Everyday Meals

Food-Focused Books to Read While You're Self-Isolating

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Whether you’re still in your first few days of self-isolation or have been home for weeks, boredom is easy to encounter while you’re alone. And while there’s nothing wrong with catching up with your favorite shows (or perhaps starting a new one), things start to feel bleak when Netflix asks if you’re still watching The Office for the third time. The good news is that all that free time you now have on your hands is the perfect opportunity to start, and actually finish, a new book.

Even if you aren’t leaving the house, reading has a transformative power. We’ve rounded up some of our favorite food-focused books—in addition to cookbooks, we’ve included memoir, historical, and fiction titles—to help pass the time. If you can, shop at your local bookstore. Independent booksellers across the country are offering free in-town shipping, and you’ll do your part for the local economy. You can even collaborate with friends and hold quarantine-friendly book clubs over Skype or the phone.

Recipe for a Perfect Wife by Karma Brown

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After moving into a 1950s fixer-upper with her husband, Alice discovers a cookbook left behind by Nellie, its original occupant who was trapped in an abusive marriage. As Alice pieces Nellie’s secrets together, we learn her own transgressions and witness how both women wrangle control of their relationships through food.
Buy it here.

The Potlikker Papers: A Food History of the Modern South by John T. Edge

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Starting with the Civil Rights movement, The Potlikker Papers tracks the course of Southern food, and both its persistence and its changes, up to the last decade. Whether you’re reading about sit-ins at lunch counters, a vegan farm run by a hippie commune in Tennessee, or Colonel Sanders’ business strategy, you’ll be both entertained and enlightened.
Buy it here.

Heartburn by Nora Ephron

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Intermingled between recipes and group therapy sessions, Heartburn chronicles cookbook writer Rachel’s perfect marriage as it crashes into separation. Like Ephron’s other work, Heartburn is a classic for a reason: It’s heartfelt and human, and still finds solace in the most soul-crushing instances.
Buy it here.

Happiness Is Baking: Cakes, Pies, Tarts, Muffins, Brownies, Cookies: Favorite Desserts from the Queen of Cake by Maida Heatter

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Maida Heatter’s final cookbook emphasizes why she was one of the greatest bakers of our time. After going through every possible mistake a new baker can encounter and all the tools they’ll need to get serious, Heatter shares some of her greatest recipes and the stories behind them. If you plan on becoming a baker while you’re quarantined, Happiness Is Baking makes a crucial read.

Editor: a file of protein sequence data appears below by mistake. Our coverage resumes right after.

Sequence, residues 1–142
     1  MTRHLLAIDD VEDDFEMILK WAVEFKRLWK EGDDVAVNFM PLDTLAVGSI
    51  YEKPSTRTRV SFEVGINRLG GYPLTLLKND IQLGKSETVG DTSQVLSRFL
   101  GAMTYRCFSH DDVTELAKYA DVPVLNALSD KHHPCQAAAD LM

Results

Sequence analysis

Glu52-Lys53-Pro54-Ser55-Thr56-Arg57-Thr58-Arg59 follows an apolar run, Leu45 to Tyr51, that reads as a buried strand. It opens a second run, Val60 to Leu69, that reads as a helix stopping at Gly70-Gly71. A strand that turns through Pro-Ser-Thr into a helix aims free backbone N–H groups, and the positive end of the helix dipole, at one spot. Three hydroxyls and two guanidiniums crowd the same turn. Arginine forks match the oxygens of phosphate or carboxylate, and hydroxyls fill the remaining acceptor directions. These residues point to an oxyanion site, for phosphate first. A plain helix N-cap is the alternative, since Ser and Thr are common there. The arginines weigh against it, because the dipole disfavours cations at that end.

Buy it here.

Soul Food: The Surprising Story of an American Cuisine One Plate at a Time by Adrian Miller

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Fans of food history will appreciate this chronicle by Adrian Miller, an authority on soul food. Miller dives into fascinating details while not falling into the trap of droning about dry topics. He breaks down iconic soul food dishes piece by piece and explores their sociopolitical and cultural legacies.
Buy it here.

Salt, Fat, Acid, Heat: Mastering the Elements of Good Cooking by Samin Nosrat

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Samin Nosrat’s debut is only a few years old, but the New York Times Bestseller and James Beard Award-winner is already a classic. That’s because Salt, Fat, Acid, Heat is far more than a cookbook: It goes back to the very fundamentals of cooking, approaching science and technique from a lighthearted perspective.
Buy it here.

Nothing Fancy: Unfussy Food for Having People Over by Alison Roman

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Alison Roman is the current darling of the food world for good reason. Nothing Fancy, the follow-up to 2017’s Dining In, gives a fresh perspective on classic ingredients. It was a 2019 IACP Award finalist and, let’s be honest, has some great photos. If you’re going to be stuck at home, you might as well have fun cooking.
Buy it here.

JELL-O Girls: A Family History by Allie Rowbottom

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Allie Rowbottom’s family is cursed by its legacy: transforming JELL-O from a formula to ahousehold name and portrait of expected femininity. Mainly focused on Rowbottom’s mother, JELL-O Girls juxtaposes the dessert’s success with her family’s misfortune.
Buy it here.

 

 

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